My family will be homeschooling after mid-winter vacation. It might seem surprising that one of the biggest reasons is recess.
When my son shares his thoughts about recess, it sounds like survival in a prison yard.
My TBP describes in details the well-known hierarchy; the most popular, the most athletic, the most physically intimidating. He talks about the numbers of kids and the impossibility for the adults to really know what is going on. He tells that there are places that the adults can’t see. He talks about those certain kids that hang out in those certain places and give unwelcoming looks to those that attempt to visit there for a while. He says that this is one of the important things that you have to learn about school. Really? How sad!
He says that you have to watch your back…always.
I know these words seem dramatic for my local elementary playground. Our school is in a nice suburban neighborhood with well-kept houses and a good reputation. Maybe that’s the biggest disguise about what goes on for kids like mine, maybe that is what makes it all so misleading.
For most students, the playground is probably the setting of fun games with friends and a lot of four square; but for my kid, it feels like a flat, paved hell.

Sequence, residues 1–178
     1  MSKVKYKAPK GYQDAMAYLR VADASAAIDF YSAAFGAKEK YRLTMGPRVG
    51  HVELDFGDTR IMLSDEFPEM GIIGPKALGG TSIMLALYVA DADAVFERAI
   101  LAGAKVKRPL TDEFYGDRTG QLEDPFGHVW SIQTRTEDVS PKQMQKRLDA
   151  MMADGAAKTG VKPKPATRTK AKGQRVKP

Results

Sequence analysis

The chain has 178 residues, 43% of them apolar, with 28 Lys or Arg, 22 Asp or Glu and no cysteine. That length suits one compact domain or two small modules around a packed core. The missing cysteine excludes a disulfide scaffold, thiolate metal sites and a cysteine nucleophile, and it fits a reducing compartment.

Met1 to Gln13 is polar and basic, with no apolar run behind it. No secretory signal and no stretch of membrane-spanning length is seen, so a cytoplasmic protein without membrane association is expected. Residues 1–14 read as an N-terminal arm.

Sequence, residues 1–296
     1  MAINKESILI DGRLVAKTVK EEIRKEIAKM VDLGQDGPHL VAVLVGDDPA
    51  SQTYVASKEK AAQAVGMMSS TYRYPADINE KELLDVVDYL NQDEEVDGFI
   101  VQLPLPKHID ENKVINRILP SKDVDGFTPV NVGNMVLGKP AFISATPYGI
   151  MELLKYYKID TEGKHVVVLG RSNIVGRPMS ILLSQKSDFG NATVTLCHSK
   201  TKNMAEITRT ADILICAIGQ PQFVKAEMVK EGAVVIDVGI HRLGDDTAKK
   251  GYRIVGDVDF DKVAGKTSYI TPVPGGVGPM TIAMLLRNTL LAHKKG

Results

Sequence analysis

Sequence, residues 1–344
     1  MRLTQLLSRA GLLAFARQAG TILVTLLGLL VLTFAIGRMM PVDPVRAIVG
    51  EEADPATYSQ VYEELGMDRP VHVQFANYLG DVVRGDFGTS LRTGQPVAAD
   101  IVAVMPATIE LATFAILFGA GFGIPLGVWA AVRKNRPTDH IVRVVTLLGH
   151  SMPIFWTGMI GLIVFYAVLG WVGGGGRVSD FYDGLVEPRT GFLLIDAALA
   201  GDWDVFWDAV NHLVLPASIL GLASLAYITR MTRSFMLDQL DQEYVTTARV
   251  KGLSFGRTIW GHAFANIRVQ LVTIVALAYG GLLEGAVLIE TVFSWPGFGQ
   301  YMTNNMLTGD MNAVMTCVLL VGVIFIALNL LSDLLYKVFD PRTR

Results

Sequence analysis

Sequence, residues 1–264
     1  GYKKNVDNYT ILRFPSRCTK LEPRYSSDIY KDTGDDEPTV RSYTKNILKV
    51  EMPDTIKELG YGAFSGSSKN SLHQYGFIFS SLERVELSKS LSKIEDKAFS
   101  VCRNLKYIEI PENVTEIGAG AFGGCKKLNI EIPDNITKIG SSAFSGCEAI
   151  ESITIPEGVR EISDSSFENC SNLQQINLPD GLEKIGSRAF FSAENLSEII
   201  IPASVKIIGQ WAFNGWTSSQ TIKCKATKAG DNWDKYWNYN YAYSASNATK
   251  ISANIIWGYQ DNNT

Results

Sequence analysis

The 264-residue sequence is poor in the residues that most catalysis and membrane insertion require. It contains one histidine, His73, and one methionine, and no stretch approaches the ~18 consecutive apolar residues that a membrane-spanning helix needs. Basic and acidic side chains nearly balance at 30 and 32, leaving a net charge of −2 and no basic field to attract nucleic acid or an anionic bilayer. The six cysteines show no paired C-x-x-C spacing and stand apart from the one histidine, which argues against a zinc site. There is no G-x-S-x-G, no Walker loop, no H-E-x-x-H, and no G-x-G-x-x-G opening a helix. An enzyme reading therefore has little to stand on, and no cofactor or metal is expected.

Month after month, we have been searching for answers. Why is he SO worried and anxious? Why is school SO hard? Why is he retreating into himself and only wants to be with us? After relentless parental detective work, we discovered that recess is one of my TBP’s biggest sources of anxiety and stress.
The truth began to unfold while I helped my son with his valentine cards. There was a particular name on the list that my son wanted to skip. In the beginning, he gave lame excuses about not being able to find the perfect card or just the right clever saying; then he grew tired of the excuses and shared that this boy has been bothering him all year.
I had heard this boy’s name earlier, but was assured by the school after my inquires that they didn’t see anything strange or out of the ordinary. They added that this boy was much smaller and “more passive” than my son so they “found it hard to believe that he was bullying” my son. My TBP said that this boy constantly follows him and calls him names, names that he wouldn’t tell me. He says that he is like an annoying gnat that won’t go away no matter what, he is everywhere.
He begged me not get involved so I encouraged (lectured) him to tell the school counselor that he trusts. He said that he might. I asked him if this boy was the reason that he didn’t want to go to school. “He isn’t the only reason, but he makes it even harder for me.” He then turned and looked at me as if he needed to remind me one more time who he was, “It is all of it, Mama. All of it is really hard for a very sensitive kid like me.”
As a parent, you don’t expect your child to dread, even fear, recess. The sad reality is that I know he is not the only one.
Have you ever asked your kid about the recess hierarchy at his school?